Jan and John are finishing up their rounds, and heading to the hospital cafeteria for lunch. John re-opens yesterday’s conversation about the word ‘cure’.
“Well, did you learn anything about the medical definition of cure in your research last night?”
Jan is frustrated, “I learned that medical dictionaries don’t take the word ‘cure’ seriously.”
“Really? For example?”, John picks up a tray and orders a Reuben sandwich.
“First I went to Stedman’s Medical Dictionary. It gives several definitions. The first one is ‘to heal, to make well‘. But healing is, as we’ve already discussed, independent of curing the illness – healing happens before, during, and after the illness. And ‘to make well’ is just simplistic. We could go on another dictionary search to find the meaning of ‘well’ – I think it’s less well defined than ‘cure’.”
“I see that. To make well, might range from an apology, meant to make the patient feel better, to a painkiller that makes them feel better, to a cure.” John challenges. “But doesn’t ‘well’ in medicine mean without disease?”
Jan responds, “It’s OK in simple cases, but many cases are not simple. What if someone has more than one illness.”
“Yes, an elderly person might suffer from obesity, hypertension, arthritis and diabetes.”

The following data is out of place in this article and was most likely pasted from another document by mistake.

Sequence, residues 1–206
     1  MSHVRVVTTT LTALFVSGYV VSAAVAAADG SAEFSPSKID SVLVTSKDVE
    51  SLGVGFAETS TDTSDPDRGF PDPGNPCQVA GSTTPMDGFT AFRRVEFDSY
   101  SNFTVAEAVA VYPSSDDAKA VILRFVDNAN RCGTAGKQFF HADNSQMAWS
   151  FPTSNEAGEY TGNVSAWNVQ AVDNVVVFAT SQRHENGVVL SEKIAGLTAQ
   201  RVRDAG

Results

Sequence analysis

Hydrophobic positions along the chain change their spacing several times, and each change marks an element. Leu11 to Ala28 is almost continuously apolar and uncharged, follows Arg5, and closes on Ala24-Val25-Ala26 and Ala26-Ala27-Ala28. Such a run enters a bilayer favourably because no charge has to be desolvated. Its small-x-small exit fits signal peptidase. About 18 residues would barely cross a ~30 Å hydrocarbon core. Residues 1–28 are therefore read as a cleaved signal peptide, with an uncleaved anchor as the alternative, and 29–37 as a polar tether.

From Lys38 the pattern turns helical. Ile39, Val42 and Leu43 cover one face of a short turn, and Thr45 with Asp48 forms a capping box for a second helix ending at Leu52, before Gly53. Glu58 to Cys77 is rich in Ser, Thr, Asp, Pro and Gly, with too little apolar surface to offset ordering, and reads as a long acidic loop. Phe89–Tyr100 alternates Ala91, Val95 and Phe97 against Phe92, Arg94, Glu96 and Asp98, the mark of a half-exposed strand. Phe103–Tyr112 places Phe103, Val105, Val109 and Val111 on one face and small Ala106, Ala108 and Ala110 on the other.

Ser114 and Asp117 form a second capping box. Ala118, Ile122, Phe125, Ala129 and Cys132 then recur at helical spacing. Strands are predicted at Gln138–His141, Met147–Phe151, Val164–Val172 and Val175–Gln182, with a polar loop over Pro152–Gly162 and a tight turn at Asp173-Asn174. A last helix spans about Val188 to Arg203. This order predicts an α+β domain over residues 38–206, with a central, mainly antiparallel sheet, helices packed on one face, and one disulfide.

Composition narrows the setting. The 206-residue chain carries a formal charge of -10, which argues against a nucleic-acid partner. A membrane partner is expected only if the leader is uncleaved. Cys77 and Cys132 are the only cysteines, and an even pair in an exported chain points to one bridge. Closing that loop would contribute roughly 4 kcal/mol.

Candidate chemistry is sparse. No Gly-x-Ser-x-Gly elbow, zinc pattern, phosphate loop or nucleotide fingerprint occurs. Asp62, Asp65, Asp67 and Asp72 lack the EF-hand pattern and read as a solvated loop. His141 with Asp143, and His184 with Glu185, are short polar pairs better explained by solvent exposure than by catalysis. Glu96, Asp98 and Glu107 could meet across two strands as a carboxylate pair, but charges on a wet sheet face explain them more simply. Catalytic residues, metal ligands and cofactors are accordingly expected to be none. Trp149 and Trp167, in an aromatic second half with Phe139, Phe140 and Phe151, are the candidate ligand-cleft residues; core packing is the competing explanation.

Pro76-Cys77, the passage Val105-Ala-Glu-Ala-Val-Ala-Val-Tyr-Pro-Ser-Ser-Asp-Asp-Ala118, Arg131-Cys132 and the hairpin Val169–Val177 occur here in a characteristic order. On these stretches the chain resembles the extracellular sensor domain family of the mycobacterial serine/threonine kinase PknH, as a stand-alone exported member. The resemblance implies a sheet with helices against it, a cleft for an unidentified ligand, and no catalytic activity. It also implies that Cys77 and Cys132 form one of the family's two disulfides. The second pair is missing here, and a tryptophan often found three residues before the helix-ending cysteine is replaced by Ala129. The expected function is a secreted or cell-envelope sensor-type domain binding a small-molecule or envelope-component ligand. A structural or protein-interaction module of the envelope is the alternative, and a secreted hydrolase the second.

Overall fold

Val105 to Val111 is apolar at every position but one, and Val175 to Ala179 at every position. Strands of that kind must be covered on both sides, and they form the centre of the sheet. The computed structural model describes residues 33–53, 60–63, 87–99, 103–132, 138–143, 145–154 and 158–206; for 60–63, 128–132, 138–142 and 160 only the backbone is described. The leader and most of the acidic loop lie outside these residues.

“Then, the Stedman’s definition says you can’t just cure one illness, because they are still sick? ”
“Now you’re getting technical and pedantic,” John comments dryly.
“If we are to define cure, we need a definition that holds up to such simple challenges,” Jan went on, “the second definition is ‘a restoration of health‘. Does health disappear when someone gets sick? I don’t think so.”
“Health is always present, as long as we are alive. Maybe they mean that ‘some health is lost’ when we get sick, and we recover it when we get better.” John offered.
“But restoration of health happens before, during and after the disease is diagnosed. often happens after the disease is stopped. They’re still mixing and confusing healing and curing.” Jan objected.
She continued, “Their third definition is ‘a special method or course of treatment‘. That seems OK at first, but many, perhaps most treatments simply do not cure – most treatments are for symptoms, not cures. In fact, a ‘course of treatment’, might be given to someone who is not even sick, not in need of a cure. I can get a hair treatment – so I look better. But there is no intent to cure my ugliness.”
“You’re not ugly,” John laughed, “but it’s an interesting comparison. So, Stedman’s Medical Dictionary defines cures that are used when you are not sick, when you are sick, and even after your sickness is gone. Is that so bad?”
“It’s worse, they don’t even use the word disease, or illness. Can you cure someone if they don’t have an illness?” Jan showed John the text:
Jan continued, her voice getting louder, “How can we cure people, how can we search for cures, if cure is not properly defined? Can there be a science of medicine, if we can’t even find a good definition for ‘cure’?”.
John responded quietly, “Did you check anywhere else?”
“Yes. Mosbey’s Medical Dictionary is different, but no better. They first defined cure as ‘restoration to health of a person afflicted with a disease or disorder‘”.
“At least it mentions disease,” John comments.
“Yes, but it’s the same ‘restoration to health‘, implying that once you have a disease or a disorder, you are no longer ‘healthy’. But health doesn’t disappear because you have an illness. It is there, actively fighting the disease. If you lose your health – you are dead.”